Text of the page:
On Monday's Daily Show, the guest was Richard Viguerie. He's a pioneer of political direct mail who has been a key figure in the growth of the conservative movement. He was on there to promote his book, America's Right Turn, which was described as a handbook for how the conservative movement was built. One exchange between he & Jon Stewart caught my attention. Stewart observed how conservatism seems more like a movement while liberalism seems like an assemblage of unrelated causes. This may seem quite obvious, but it long been my opinion that there are no particular principles which connect most policy beliefs of conservatives with each other and that the same is true for most liberal beliefs.

To get the obvious part out of the way, a large part of the difference has long been that conservatives are more willing to tolerate inequality if the price is using the government's coercive power to remedy it, while liberals are more willing to use the government's coercive power to remedy inequality. I believe that is a very value neutral way to state the difference, though I'm open to correction in either direction. Except that if you think that statement is unfair to conservatives you're quite mad. It is not clear that this distinction applies to a Bushian conservative, since Bush has not demonstrated any affection for limited government. But even assuming that this is the fundamental distinction between conservatives and liberals, it doesn't do anything to explain many other correlations of views.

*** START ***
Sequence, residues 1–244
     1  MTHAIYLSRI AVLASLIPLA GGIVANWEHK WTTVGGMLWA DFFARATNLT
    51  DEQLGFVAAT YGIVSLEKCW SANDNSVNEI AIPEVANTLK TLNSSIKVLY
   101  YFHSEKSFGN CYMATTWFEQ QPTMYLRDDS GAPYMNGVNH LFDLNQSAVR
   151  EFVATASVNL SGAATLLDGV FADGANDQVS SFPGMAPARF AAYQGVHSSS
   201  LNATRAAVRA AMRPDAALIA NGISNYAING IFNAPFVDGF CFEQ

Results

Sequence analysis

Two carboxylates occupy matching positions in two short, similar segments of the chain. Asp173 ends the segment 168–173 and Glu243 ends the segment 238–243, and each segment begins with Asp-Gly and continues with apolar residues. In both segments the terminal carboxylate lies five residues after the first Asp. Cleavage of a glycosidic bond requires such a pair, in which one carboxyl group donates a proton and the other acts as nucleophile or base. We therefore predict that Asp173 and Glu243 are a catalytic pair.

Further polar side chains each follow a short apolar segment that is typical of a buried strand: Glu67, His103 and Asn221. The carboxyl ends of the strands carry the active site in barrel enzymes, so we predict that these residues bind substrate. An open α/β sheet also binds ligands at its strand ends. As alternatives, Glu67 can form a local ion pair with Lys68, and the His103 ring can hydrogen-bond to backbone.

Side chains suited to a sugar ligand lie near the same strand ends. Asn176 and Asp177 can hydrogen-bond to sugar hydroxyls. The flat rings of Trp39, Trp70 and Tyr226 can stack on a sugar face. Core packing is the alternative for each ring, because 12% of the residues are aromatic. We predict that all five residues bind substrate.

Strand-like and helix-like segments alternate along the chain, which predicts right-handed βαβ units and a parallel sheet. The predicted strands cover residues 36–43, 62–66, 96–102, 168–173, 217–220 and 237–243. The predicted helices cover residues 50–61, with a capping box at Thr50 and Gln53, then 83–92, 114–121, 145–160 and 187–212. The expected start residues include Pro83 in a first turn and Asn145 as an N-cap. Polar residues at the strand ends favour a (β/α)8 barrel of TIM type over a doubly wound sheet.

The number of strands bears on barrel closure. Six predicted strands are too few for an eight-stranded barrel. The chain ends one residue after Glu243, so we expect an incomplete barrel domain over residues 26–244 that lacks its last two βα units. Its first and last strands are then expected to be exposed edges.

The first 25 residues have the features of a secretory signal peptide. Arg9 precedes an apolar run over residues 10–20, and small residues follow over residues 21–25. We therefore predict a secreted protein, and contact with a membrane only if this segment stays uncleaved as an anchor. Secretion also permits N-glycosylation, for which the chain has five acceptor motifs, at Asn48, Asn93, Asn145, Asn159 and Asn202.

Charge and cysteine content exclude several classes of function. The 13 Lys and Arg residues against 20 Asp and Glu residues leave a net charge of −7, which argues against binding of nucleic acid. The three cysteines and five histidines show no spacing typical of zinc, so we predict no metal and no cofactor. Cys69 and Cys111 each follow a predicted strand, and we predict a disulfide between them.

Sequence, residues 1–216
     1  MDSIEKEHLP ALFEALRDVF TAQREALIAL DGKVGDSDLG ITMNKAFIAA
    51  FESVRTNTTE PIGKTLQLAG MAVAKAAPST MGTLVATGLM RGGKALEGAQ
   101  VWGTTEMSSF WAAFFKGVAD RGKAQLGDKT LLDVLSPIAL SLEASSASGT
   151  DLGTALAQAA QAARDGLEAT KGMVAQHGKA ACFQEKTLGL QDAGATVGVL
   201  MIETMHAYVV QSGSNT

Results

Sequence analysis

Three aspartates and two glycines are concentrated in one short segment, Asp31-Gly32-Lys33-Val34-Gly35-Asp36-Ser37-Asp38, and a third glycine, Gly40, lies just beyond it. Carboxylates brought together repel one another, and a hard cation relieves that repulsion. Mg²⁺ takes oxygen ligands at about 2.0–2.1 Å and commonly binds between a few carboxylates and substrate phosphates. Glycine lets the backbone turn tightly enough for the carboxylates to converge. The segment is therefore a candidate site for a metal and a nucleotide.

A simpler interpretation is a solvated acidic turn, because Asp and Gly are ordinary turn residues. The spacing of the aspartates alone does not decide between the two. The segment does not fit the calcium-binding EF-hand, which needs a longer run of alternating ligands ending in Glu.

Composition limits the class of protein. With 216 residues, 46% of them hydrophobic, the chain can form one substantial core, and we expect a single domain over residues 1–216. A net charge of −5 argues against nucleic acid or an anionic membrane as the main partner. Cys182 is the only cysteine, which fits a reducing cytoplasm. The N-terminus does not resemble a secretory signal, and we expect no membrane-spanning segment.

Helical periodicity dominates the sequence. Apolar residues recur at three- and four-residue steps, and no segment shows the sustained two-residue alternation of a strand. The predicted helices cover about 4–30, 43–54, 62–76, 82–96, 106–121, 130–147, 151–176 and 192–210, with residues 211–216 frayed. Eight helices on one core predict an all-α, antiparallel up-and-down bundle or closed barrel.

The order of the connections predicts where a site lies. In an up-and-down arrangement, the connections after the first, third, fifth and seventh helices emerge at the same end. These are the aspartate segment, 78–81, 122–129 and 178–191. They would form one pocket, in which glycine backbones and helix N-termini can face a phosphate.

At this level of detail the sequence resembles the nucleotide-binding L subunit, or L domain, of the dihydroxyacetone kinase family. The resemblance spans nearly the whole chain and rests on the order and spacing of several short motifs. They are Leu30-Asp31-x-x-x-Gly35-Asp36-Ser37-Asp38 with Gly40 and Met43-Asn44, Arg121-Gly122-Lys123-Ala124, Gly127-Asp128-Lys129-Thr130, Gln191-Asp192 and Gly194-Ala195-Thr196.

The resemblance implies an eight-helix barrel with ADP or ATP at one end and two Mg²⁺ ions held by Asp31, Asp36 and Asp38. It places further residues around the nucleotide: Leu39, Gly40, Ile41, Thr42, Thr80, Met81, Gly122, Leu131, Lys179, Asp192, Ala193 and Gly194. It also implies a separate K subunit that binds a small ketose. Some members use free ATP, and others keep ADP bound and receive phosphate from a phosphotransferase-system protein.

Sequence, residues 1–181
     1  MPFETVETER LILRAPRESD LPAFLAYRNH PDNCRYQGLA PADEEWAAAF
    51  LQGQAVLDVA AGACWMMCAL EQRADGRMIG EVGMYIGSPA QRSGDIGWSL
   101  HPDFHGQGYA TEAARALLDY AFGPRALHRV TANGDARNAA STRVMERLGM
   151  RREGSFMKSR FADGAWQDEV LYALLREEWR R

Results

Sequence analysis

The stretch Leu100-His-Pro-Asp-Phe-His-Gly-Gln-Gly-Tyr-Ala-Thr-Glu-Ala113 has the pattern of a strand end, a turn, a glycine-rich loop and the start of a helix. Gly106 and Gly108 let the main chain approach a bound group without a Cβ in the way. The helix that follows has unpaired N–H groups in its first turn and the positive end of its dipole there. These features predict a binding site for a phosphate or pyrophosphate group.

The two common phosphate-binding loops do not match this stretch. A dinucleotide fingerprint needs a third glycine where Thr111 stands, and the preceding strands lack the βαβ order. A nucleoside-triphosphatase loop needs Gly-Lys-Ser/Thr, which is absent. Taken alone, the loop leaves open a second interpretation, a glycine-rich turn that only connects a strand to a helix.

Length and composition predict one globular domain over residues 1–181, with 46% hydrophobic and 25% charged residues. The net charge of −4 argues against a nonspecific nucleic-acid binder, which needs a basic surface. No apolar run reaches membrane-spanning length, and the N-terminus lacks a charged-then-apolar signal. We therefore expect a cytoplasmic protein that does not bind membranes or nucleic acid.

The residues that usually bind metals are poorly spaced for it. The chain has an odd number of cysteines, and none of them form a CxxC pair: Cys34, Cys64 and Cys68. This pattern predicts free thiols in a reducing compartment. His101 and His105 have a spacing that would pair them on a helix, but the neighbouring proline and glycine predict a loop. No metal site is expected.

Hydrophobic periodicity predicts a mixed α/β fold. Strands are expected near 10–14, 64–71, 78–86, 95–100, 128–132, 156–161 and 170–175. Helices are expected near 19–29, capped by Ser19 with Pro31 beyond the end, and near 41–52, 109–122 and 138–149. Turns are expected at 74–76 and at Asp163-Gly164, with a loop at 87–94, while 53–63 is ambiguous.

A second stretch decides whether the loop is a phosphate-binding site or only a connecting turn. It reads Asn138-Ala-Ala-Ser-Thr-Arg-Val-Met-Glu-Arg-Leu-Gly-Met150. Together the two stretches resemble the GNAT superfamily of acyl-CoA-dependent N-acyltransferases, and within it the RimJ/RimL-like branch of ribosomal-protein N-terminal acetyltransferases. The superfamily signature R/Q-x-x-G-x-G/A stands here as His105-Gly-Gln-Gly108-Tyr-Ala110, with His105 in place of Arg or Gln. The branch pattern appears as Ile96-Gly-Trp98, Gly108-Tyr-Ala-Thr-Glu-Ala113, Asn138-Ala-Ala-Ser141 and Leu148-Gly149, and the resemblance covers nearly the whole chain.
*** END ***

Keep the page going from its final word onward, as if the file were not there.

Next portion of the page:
For instance, what does one's view on limited government have to do with pro-life versus pro-choice views? If anything, being in favor of less use of coercive power would bring one towards pro-choice, and being in favor of more use would make one more likely to be pro-life. The reverse is true on gun control, and I suppose there are some big government, pro-life, pro-gun control people. But this is still a very over simplified model. None of these views have any connection with the validity of any particular foreign policy view, and yet I would really be surprised to find more than a very few people holding the first three views who are against the war in Iraq. And this is still a radically simplified vision of the range of policy views. What does one's view on gay marriage have to do with being a limited government conservative? How about evolution/ intelligent design debates? Drug policy? Whether or not the United States government has engaged in torture/abuse, and what are proper interrogation policies? What about education policy? Environmental policy?

I just noticed this post might be taken as my saying it's really a shame that people don't just hew to one principle like small government or big government, and then arguing for libertarianism which actually does stick to the small government view in every case. That's not my point at all. My point is that since people's positions on many of these issues aren't based (and shouldn't be based) on just one principle of the type illustrated above, the ideological uniformity among people who are broadly conservatives or (in my opinion to a much lesser extent) liberals is really strange and that you'd expect to see more people with odd mixes of views on these different subjects. Part of me thinks this may be a naive point that everyone recognizes, but what the hell.